Where To Find Potato Starch in The Grocery Store?

To find Potato Starch, look in or around the flour aisle. As the gluten-free diet movement gained popularity, the hype on starch and grains started. To supplement rice, healthy starches were used as an ingredient. Potato starch is one of the most often used starches. As the name implies, it is a starch produced from potatoes. 

It's a colorless, odorless, and tasteless liquid made from green plants. Potato starch is a part of the potato plant in this situation. Potato starch is often used as a thickener in soups, stews, sauces, and baking to supplement wheat flour. 

Let's get down to business with nutrition. The following ingredients are used in one tablespoon of potato starch: 40 calories and 10 grams of carbohydrates in this snack. Potato starch, to be more exact, contains no protein, fat, or fiber. A total of 8 grams of resistant starch are used.

A Few Benefits of Potato Starch

Good bacteria

Potato starch, like resistant starch, has health advantages and acts as a probiotic when eaten. Probiotics are foods that feed the healthy bacteria in our intestines, allowing them to function at their best in defending our gut. Here's an interesting fact: the bacteria in our intestines outnumber our innate cells.

Good for blood sugar

People with diabetes can benefit from potato starch. As previously said, potato starch contains a trace amount of resistant starch, known as a resistant starch product. The consumers' insulin sensitivity, which controls our blood sugar, was found to be improved as a consequence of the study.

Weight loss

Another advantage of potato starch is that it aids weight loss, which is said to be due to resistant starch once again. They primarily function by reducing fat retention, and the fermentation mechanism that occurs in the colon is expected to increase fat breakdown.

Great Substitutes For Potato Starch


Cornstarch is a popular thickener and coating product, so you might already have some on hand. Cornstarch is similar to potato starch, except it's produced from corn kernels, devoid of nutrients and taste. This choice may be used to make a roux, frying and baking coating, or thicken soups. Cornstarch is commonplace, so if you have a gluten sensitivity, double-check the labeling, and certain producers can use wheat traces. Without any modification, you will use the same quantity of cornstarch as the recipe calls for.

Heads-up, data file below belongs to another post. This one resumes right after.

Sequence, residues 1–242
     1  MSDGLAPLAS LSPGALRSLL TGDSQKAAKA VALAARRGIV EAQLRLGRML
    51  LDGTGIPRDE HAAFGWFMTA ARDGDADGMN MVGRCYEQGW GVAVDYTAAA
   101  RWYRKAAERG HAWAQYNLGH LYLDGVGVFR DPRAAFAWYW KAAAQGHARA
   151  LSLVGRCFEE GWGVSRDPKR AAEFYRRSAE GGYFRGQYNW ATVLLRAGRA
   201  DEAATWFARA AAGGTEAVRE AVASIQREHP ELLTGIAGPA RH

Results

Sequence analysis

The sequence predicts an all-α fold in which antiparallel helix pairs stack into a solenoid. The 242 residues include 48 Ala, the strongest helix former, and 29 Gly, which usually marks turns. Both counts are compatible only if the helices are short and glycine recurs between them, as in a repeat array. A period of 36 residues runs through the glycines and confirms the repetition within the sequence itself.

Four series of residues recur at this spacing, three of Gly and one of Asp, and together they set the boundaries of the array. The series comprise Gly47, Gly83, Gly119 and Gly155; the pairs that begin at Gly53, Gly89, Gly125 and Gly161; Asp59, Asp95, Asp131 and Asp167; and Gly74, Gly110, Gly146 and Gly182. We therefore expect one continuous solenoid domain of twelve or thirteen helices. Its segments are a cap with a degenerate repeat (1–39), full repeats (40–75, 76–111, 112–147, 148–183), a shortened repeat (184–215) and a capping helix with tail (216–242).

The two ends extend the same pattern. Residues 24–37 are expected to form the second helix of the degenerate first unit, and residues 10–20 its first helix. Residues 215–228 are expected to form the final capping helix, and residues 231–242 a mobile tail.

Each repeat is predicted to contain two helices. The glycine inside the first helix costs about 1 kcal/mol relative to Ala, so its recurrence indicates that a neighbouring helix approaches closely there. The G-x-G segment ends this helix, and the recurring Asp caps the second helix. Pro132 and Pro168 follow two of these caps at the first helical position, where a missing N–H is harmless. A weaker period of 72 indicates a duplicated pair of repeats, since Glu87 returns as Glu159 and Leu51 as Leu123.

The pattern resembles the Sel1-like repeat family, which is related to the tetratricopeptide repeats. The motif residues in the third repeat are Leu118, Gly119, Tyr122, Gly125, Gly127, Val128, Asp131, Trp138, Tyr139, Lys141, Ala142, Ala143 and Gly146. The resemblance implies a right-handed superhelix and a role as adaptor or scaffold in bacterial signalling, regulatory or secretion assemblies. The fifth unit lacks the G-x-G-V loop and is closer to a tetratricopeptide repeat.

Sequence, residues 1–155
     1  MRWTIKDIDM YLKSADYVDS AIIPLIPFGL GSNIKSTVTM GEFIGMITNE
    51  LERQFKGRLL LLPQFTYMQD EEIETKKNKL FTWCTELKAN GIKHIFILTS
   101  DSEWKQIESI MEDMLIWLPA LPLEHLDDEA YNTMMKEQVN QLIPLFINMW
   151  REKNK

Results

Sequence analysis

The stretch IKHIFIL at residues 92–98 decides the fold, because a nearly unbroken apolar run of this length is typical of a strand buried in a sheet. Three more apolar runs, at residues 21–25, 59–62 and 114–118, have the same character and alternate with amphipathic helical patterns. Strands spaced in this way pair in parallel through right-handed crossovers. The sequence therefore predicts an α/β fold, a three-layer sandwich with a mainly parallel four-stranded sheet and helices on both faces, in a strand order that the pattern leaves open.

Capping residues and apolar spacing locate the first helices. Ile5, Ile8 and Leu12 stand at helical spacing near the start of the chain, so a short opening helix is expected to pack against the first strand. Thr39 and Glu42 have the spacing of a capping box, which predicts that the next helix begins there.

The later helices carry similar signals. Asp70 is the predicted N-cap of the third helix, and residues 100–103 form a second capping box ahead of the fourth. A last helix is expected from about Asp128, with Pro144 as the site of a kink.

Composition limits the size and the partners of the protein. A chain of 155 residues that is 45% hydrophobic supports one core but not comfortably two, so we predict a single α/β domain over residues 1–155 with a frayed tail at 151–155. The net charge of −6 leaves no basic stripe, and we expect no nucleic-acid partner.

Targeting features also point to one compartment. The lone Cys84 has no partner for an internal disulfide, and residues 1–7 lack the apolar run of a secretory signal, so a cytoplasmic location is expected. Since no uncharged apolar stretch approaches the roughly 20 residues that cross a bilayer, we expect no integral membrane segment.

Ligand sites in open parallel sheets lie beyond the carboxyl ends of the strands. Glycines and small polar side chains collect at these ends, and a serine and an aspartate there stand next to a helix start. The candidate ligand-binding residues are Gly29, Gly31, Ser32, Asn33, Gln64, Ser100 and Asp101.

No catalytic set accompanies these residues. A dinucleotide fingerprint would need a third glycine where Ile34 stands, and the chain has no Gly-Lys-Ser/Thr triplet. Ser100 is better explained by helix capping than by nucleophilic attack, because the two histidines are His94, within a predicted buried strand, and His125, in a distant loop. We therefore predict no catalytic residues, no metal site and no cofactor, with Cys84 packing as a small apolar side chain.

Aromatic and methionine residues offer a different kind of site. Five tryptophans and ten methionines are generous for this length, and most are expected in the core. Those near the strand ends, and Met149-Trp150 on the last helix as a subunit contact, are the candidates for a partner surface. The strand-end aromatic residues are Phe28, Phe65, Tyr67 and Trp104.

sifted flour All-purpose flour should replace potato starch whether you don't have some food requirements or gluten sensitivity. Flour may be used for more than just baking, such as coating fried foods, having a roux, creating color, and thickening soups and sauces. Since flour is thicker and has more protein, you can reduce the amount you use by at least half.

Coconut Flour

This is another gluten-free and vegan alternative, but the texture and taste are different. We recommend using coconut flour in sweet recipes like cake, cookies, and muffins if you wish to use it. Since it's a little heavier, you can just use about a third of the volume called for in the recipe.

How To Use Potato Starch

Rinse clothes

It is popular to use starch to clean clothes since it is biodegradable. If you do your washing, you're also aware of the concept of using starch to hold shirts crisp. The fabric maintains its stiffness as though it were fresh. As a result, potato starch is used in detergents.


Pastes, powders, creams, plasters, and dressings are starch, which was recently applied to the pharmacy and cosmetics sectors. It's even being used in antibiotics to make them degrade more quickly in the body.

Thicken broth

Potato starch is often used to thicken broths, soups, sauces, and gravies and is favoured over cornstarch owing to its higher boiling point. In addition, unlike its alternatives, it remains clear when applied to food and does not become cloudy. When introduced to rice, it often does not consume salt.


You may also use all-purpose wheat, rice flour, or tapioca as a cornstarch supplement. When tapioca is deeply blended with liquid, it becomes transparent, similar to arrowroot. The only disadvantage being that the tiny tapioca balls would always be noticeable in the bowl. To stop this, the outlet suggests using a coffee grinder to mash the tapioca. They also recommend combining the tapioca with your liquid of choice for up to ten minutes before starting to cook with it so that the tapioca can absorb it properly.